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The Veils - Sun Gangs Reviews

07 May 2009 // A review by lukefitzmaurice
A word of warning – on the whole, Sun Gangs seems pretty slow. And to be fair, it’s true that the album contains one or two tracks that are indisputably subdued, title track Sun Gangs being one that immediately springs to mind. When I first heard the album, I was tempted to judge the whole thing on the perceived weaknesses that this track, and others such as It Hits Deep and Larkspur, created. BUT, and believe me this is a big but, once I listened to the album a few more times through, I began to change my mind. I began to warm to the rich, melancholic voice of lead singer Finn Andrews, and now I really quite like the album.

I think what put me off the album at first was the fact that I couldn’t help but be struck by the haunting quality of Finn Andrew’s voice. Don’t get me wrong, he really is a talented singer/songwriter, but because the vocals are so dominant in almost every track, it led me as a listener to dwell on them just a little too much. As a result of this, the album began to feel a little one dimensional. It seemed to me as though The Veils were unable to produce anything more than a series of vocally driven ballads, an act that was wearing thin by the time I had listened to the album twice through.

However, by the time I had listened to the album a few more times through, these perceptions had begun to change. I couldn’t figure out what it was at first, but I think it boils down to the fact that Sun Gangs is a very layered album. So while all at first all I heard were the vocals, as I listened to the album more I began to appreciate it on different levels. I began to enjoy alt rock/pop tracks such as Sit Down By The Fire and The Letter, I found myself cheered up by the refreshingly light-hearted The House She Lived In, and I simply fell in love the penultimate track on the record, Larkspur. The last track in particular, an eight minute long beast of a song driven by an eerie guitar riff and a fantastic beat, really grew on me as I listened to it more and more, and the fact that the band were able to sustain the song for its entire length its an impressive feat in itself.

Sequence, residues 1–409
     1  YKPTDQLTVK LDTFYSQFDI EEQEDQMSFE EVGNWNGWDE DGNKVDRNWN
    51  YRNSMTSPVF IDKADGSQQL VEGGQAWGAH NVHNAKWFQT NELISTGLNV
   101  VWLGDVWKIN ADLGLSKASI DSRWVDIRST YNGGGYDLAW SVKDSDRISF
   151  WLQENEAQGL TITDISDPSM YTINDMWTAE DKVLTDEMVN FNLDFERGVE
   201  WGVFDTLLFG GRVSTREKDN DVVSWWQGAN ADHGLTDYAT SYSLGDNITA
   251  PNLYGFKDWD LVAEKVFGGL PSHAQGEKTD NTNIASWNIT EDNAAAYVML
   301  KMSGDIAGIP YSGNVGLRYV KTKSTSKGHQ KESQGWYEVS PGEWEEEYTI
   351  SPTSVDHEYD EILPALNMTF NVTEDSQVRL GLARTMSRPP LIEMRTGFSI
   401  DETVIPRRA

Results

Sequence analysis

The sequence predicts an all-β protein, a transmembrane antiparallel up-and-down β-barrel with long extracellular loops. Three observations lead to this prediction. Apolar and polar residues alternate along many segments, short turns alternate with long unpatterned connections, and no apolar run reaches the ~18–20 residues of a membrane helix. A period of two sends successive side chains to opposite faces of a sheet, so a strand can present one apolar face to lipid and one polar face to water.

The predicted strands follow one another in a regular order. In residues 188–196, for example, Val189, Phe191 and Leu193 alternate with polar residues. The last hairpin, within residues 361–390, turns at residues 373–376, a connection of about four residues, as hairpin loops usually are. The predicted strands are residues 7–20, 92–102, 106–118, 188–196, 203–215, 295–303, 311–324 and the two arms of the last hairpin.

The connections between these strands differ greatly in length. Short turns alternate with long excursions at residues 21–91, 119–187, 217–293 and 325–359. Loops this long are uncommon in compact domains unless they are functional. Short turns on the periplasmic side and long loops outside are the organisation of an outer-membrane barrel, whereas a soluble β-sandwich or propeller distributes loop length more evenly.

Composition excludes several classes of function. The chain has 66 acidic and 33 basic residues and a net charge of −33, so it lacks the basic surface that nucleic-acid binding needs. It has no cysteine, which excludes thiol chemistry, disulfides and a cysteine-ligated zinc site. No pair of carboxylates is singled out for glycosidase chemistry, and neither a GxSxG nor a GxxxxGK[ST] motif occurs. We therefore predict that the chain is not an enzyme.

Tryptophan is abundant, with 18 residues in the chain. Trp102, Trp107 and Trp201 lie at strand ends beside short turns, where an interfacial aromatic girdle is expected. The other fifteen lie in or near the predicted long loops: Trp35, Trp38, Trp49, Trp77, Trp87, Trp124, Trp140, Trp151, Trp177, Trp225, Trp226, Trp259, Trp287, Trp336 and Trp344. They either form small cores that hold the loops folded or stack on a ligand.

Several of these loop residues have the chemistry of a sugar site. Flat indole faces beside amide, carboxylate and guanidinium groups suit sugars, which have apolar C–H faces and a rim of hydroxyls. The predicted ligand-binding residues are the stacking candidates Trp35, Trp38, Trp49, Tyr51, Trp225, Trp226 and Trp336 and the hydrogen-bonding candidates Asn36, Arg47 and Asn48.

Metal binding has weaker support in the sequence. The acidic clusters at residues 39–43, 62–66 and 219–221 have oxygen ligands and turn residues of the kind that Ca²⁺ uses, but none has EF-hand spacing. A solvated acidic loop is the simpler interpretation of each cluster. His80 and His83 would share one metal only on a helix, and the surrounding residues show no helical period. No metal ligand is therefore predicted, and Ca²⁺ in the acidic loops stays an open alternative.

The album continued to get better and better as I listened to it more and more. It certainly wasn’t perfect, even after listening to it multiple times I couldn’t bring myself to enjoy Killed By The Boom, but on the whole, I now really rate the album. So if you haven’t bought it already, I would definitely recommend giving it a listen. If you have bought it already but was a little disappointed, maybe it wouldn't hurt to give it at least one last chance. Who knows, you might be pleasantly surprised at how much it grows on you.

About The Veils

Fantastic local wunderkind Finn Andrews & his band The Veils have been lauded internationally for their outstanding debut album 'The Runaway Found'. Heralded as one of the best debut albums ever, 'The Runaway Found' has captured the hearts & minds of many, thanks to Finn's clever & contagious songwriting & his undeniable star factor.

After the success of first single 'The Tide That Left & Never Came Back' [peaking at #2 on the NZ rock radio chart, remaining on the radio charts for almost three months & playlisted on ZM, The Rock & The Edge, as well as the b-Nets, Kiwi FM & other smaller regional stations] The Veils now drop their second NZ single, the storming album opener 'The Wild Son'.

The personnel who constituted The Veils for the debut album – 'The Runaway Found', released February 2004 - split up 2 months after the record's release. He returned from London (where he was born, in 1983) to New Zealand (where he'd moved during his teens) and recruited new musicians with the vow, "We must make things as terrifying and exciting as can".

Visit the muzic.net.nz Profile for The Veils


Time Stays, We Go
Year: 2013
Type: Album
Buy Online @ Mightyape
Troubles of The Brain
Year: 2011
Type: EP
Sun Gangs
Year: 2009
Type: Album
Nux Vomica
Year: 2006
Type: Album
The Runaway Found
Year: 2004
Type: Album

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